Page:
But I feel sort of guilty about it.
Why should I feel guilty for loving Starbucks? It’s hard not to love them. They are consistent in service and quality. I never feel uncomfortable in their atmosphere. They promote unknown musicians. They have drive-thrus. Their cups don’t leak. And they make delicious drinks.
My need for deliciousness has amplified since I’ve become a stay-at-home mom. To survive and thrive, I need quick and easy ways to feel like I am on a mini-vacation. I don’t have the luxury of getting a mediocre mocha with sad whipped cream and just shrugging my shoulders saying, “maybe next time they’ll get it right.” I don’t want to be disappointed with my vanilla latte because it isn’t strong enough or has too much syrup or is made differently depending on whether Sally with the nose ring made it on Monday or cheerful Billy made it on Tuesday. And I really don’t want a cheap-ass lid that causes coffee to leak out the seam and all over my hand every time I take a sip.
I need to be able to count on my coffee. Depend on it. My love for Starbucks coffee drinks is at least 80% rooted in emotional dependency. Drinking a perfectly made beverage is a little mini-therapy session, frankly. Starbucks is the stability I wish I had in my twenties- it is the consistency I sometimes lack. Their drinks are like a hug from deliciousness- an indulgent expense that exists for purely selfish reasons- like because it tastes so damn good.
My day is filled with doing things for others. But my decaf Americano with extra cream and two sugars? That is just for me. That is what Starbucks does for me. It says: “You can depend on me, Krissy. I will always taste satisfyingly delicious. You deserve it.” And it never, ever lets me down. The only variations are in the amount of whipped cream in my decaf grande mocha extra whip. I can live with that.
However, I also love supporting local businesses. But not at the expense of an incredibly delicious beverage, which is sometimes the case when I frequent independently owned coffee shops.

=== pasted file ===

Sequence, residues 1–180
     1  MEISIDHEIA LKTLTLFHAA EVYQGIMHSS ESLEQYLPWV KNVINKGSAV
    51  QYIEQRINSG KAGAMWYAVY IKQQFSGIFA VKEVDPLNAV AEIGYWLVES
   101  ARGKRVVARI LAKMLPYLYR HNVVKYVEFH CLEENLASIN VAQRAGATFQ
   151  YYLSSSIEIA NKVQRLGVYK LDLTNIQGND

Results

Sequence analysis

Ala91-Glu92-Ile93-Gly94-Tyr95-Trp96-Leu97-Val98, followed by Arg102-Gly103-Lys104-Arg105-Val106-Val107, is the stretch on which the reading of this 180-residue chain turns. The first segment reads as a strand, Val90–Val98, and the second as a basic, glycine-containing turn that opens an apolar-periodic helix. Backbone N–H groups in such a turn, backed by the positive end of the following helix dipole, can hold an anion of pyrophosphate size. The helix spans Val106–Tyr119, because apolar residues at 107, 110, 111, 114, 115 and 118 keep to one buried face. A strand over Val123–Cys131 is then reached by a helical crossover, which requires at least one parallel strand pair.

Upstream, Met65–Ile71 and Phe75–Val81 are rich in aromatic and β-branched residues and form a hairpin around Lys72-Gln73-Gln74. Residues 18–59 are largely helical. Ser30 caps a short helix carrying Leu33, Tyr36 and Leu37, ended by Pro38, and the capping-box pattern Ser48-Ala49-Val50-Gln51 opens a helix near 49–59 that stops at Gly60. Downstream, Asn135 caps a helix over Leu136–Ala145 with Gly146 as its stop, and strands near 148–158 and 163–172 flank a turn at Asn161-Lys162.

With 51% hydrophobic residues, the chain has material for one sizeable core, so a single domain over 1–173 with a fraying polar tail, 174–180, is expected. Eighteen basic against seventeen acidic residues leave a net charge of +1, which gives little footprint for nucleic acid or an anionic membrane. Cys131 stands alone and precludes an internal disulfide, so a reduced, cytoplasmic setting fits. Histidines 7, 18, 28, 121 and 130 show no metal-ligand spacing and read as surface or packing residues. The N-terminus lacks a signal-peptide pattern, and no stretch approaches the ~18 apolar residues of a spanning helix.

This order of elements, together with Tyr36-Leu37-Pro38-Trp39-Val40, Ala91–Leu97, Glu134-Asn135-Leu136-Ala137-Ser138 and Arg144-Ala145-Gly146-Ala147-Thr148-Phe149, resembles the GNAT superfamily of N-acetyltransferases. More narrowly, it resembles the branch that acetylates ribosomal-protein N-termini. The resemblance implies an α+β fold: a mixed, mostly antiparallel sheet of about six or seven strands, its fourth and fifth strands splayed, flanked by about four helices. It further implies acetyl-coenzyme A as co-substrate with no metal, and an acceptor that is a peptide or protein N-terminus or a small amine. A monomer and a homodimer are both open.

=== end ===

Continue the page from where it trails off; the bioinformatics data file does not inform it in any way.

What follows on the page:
I can think of two examples off the top of my head – one place near where I used to live that had pretty excellent baked goods, but where the owners were rude. And inconsistent. I would stop there on my way to work, in a rush, and they were almost always out of decaf coffee. “It’ll just take about 8 minutes to brew,” they would say. Unfortunately, when you wake up late as I tended to do, I don’t have 8 minutes to wait. What kind of coffee shop is out of coffee at 7:30 in the morning?
And the more recent example is heartbreaking- it’s a 5 minute walk away and they, too, make pretty decent baked goods. But the owners have a sterile, cold vibe even though the words coming out of their mouth are standard, welcoming cafe talk. I try to imagine what it is exactly that feels off about them: Were they recently released from prison for some heinous crime? Are they spies? Is there an unwilling grandmother being held hostage in the basement? Do they have unwashed hands? I will probably never know, but something feels unsettling about the place. At times they have been downright rude and then caught themselves in it and tried to shine it away with a smile. Not so fast, suckers! I’m onto you! Put your hands where I can see them.
In a town like Madison where there are 12 Starbucks (including the ones in Targets), an independent cafe has to make a pretty darn good coffee drink to lure me away from the ridiculous convenience of Starbucks. Even with a welcoming, cheery atmosphere if your coffee drinks aren’t all that (yes, I said all that), then I will just head to the Starbucks down the street instead. I love them. And if consistent, delicious drinks are any measure of love at all, then they love me back.